Paul understood that to remain in contact with such a real sense of God’s love, we needed to practice it among one another and so, the passage in Philippians ends with concrete instructions for cultivating that sense of love through community.

Finally, beloved, whatever is true, whatever is honorable, whatever is just, whatever is pure, whatever is pleasing, whatever is commendable, if there is any excellence and if there is anything worthy of praise, think about these things. Keep on doing the things that you have learned and received and heard and seen in me, and the God of peace will be with you.

The joy and peace of God come most fully through the practice and cultivation of love…through gentleness, mercy, honor, truth and compassion. William Loader reminds us, “Paul is not just advocating the power of positive thinking. These concrete instructions to the community of faith are about filling one's mind with what Paul sees as the signs of God's life - not so that will feel good, but because this is another way of filling oneself with God's life and so allowing God's life to flow through us to the world around us.”

Truth be told, I went to the Christmas Tree Shop yesterday in search for lights for a tree…which I vowed I wouldn’t put up this year…there was simply too much to do to be bothered by Christmas! Yet, standing outside the store waiting for Josh to pick me up, something happened. Despite my own stoicism or perhaps even cynicism, the bell ringer kept talking.

“It sure is cold out here today. You should button up your coat. You don’t want to get sick.”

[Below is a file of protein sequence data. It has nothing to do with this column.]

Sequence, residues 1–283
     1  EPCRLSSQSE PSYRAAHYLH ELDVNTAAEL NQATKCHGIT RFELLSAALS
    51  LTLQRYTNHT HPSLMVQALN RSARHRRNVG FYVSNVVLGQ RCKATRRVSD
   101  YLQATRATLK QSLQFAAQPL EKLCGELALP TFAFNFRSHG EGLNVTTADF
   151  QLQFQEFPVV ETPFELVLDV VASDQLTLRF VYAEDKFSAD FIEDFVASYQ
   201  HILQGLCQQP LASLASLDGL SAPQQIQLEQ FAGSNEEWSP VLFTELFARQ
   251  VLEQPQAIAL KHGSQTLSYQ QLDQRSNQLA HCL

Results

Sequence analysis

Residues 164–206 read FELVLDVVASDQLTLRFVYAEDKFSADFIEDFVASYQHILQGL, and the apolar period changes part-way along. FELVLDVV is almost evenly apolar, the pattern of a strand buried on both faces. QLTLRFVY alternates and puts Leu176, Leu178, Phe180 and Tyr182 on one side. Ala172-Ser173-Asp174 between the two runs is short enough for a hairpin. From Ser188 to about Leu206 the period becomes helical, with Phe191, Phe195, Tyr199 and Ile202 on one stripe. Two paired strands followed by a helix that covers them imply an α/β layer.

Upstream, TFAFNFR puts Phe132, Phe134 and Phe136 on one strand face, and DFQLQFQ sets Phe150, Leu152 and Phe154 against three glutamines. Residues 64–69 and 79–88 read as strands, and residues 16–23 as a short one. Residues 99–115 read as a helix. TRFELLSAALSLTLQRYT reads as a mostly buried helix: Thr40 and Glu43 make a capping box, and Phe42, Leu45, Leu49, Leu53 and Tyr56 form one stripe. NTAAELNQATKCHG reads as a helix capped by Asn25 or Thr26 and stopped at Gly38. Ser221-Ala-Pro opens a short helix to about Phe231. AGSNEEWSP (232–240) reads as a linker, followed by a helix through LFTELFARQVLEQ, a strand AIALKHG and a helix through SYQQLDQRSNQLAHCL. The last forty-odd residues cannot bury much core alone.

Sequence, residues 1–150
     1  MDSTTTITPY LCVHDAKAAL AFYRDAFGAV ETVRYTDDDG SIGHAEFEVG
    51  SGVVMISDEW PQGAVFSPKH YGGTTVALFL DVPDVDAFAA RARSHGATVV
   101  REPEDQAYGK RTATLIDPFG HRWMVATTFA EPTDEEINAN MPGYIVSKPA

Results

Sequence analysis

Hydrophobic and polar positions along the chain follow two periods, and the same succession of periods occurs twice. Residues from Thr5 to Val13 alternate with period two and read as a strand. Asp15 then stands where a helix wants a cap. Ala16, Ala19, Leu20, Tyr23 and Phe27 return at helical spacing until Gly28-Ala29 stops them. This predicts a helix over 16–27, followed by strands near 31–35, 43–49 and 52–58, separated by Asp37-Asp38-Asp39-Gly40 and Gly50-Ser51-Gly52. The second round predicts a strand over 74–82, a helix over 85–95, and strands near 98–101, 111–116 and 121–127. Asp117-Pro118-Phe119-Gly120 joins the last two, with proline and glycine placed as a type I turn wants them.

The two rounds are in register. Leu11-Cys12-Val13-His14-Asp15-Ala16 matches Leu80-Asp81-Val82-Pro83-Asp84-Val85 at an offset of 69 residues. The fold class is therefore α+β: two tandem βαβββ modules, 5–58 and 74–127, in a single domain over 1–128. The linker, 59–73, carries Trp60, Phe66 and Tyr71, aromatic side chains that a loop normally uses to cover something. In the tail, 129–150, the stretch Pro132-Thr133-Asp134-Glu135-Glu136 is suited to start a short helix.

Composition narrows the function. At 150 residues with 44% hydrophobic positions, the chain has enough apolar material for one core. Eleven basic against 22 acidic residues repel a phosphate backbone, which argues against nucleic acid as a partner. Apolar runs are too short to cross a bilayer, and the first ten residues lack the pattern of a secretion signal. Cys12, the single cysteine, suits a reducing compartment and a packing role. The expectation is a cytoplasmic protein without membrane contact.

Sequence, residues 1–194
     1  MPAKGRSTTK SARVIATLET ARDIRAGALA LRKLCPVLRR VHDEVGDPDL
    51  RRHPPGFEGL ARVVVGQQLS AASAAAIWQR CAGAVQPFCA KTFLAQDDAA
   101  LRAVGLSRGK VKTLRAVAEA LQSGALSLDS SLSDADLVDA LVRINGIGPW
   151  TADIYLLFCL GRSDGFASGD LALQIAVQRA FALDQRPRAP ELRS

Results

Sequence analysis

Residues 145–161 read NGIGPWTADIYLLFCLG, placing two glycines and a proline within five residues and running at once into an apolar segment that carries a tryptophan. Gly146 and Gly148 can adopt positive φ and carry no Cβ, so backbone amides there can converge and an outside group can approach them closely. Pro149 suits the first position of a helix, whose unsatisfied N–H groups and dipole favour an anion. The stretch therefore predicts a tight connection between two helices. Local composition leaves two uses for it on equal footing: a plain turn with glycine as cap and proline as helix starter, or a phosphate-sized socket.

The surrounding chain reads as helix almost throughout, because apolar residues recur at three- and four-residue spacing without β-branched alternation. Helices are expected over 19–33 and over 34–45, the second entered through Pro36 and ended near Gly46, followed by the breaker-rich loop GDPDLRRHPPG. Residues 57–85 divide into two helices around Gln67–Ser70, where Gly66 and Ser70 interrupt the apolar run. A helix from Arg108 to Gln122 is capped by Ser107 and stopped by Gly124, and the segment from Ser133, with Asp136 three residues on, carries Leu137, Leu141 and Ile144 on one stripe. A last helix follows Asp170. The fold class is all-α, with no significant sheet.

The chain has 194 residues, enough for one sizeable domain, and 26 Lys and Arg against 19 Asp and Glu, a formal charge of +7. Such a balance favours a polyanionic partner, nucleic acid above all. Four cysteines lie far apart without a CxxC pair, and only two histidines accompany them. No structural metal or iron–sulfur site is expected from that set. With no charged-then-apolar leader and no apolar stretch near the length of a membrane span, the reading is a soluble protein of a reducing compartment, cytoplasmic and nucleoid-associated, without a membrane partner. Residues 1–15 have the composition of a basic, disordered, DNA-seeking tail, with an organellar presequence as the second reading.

And, in the midst of his chatter I turned to look at him a man, in his 40s, dressed in not more than a fall jacket and a thin knit cap, ringing his bell and being concerned about my warmth, my health, my well-being. I was struck by his sincerity. The more he talked, the more I realized this was no schtick to get me to donate, this was simply a conversation from one cold person to another.

Suddenly the anxiety and worry that had nagged me as I shopped seemed to disappear in the light of this small conversation. Worries of finances, moving, transition, change, time, work, all melted for the moment and I let go of that which was keeping me not just from joy, but from real human interaction. And so, when the car pulled up and he said goodbye, wishing me a Merry Christmas, I turned and smiled, “Merry Christmas to you to.”

Despite my best intentions to keep Christmas at a distance this year, something in his words sunk in.

In this Advent, we are called not to bah humbug the superficial joy of the world that seems to negate the reality of pain in the world, but rather to cultivate and share a deeper sense of joy, a joy that reorients our vision and springs forth from the well of love the Divine has for us. Once we cultivate that experience of love in ourselves, we become able to openly share it with one another and move past the saccharine sentimentality to a true sharing of the Christmas spirit, that love and peace that passes all understanding.